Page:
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Shopsteward Volume 27: Special Bulletin

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Central Exec  |  COSATU Press Statements


28 November 2003

The Congress of South African Trade Unions (COSATU) has just ended a meeting of its Central Executive Committee (CEC). It took place just days before the federation celebrates its 18th anniversary and the release of the historic recording of workers' music , Solidarity Forever, on 1 December, and a few months before we celebrate ten years of democracy and hold national and provincial elections.

It was also the first CEC since the historic 8th National Congress and its main task was to develop an implementation strategy to take forward the Consolidating Working Class Power for Quality Jobs - Towards 2015 programme and other resolutions of the Cong ress.

In taking forward the 2015 plan and the other decisions of the 8th National Congress the CEC arrived at the decisions below:

Plan of Action

The CEC adopted a detailed strategy for the next three years to implement its 12-year programme towards 2015. Central to the programme is to build COSATU and strengthen the collective power of the organised workers and working class in general. Elements of our political programme include strengthening the alliance, improving our participation on governance issues, building the ANC and SACP, strengthening the mass democratic movement, and developing strategies for business and ideological contestation.

Central to our organisational programme is the need for continuous organisational development, strengthening our capacity to provide service to members, a concrete recruitment strategy, building unity within and outside COSATU and achieving the realising o ur vision for =91one country one federation' and =91one union one industry one union'.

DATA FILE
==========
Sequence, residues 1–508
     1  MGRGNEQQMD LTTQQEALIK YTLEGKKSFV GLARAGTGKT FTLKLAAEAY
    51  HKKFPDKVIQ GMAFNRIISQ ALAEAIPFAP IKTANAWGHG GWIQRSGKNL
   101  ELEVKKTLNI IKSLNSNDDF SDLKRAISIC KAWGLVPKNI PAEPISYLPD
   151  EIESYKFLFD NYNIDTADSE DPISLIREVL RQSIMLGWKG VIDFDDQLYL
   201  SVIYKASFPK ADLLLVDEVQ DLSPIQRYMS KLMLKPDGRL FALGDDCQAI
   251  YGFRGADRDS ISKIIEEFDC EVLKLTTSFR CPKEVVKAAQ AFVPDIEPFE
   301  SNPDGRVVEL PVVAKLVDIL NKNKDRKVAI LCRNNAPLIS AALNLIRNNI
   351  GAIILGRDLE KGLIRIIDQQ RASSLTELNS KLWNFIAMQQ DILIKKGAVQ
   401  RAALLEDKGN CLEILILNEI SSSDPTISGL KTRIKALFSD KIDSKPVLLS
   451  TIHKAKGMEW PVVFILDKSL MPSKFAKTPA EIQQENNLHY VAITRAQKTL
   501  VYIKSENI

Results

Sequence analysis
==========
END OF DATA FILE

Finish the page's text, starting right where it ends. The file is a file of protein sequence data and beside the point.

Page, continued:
Job retention and creation would be at the centre of our socio-economic strategies. We seek to build our capacity for sectoral interventions and monitoring and ensuring implementation of the GDS agreements.

Living Wage Campaign

The previous CECs had adopted a framework for the coordination of our Living Wage Campaign. This CEC spent considerable time making an assessment of the campaign in the past two years, in order to consolidate the key demands of COSATU for wage negotiations in 2004 and beyond.

The CEC noted with concern that workers have generally taken a pounding. Overall wages increased around 2% less than inflation in 2001-2002, with part-time workers seeing the biggest losses. The minimum wage is still below R2500 in most sectors, well below Supplemented Living Level (SLL) for 2002 for a family of 5, which was at R2330, 89. Amongst the worst paying sectors are clothing, cleaning, domestic labour and farming. Sectoral determinations remain far below a living wage, providing some relief, but no t enough to sustain a family.

Unemployment has continued to rise and workers have to support more dependants with their wages. Pay has, on average, declined in real terms in the past two years, even though productivity has risen. Meanwhile the chief executive officer of many companies including those in the public sector continues to award themselves increases well above inflation. We fully agree with President Thabo Mbeki when he said, "inappropriate rewards for top management are a concern in both the private andpublic sectors".

This means that the country is not closing the apartheid wage gap and other inequalities we inherited from the apartheid. In simple terms the rich are getting richer and the poor poorer.

As part of implementation of our 2015 plan, in 2004 we shall pursue the following demands.

  1. We shall demand increases related to CPI as against CPIX.
  2. We shall seek to settle at 2% - 3% above CPI to compensate for the decline in our wages in 2001 - 2002.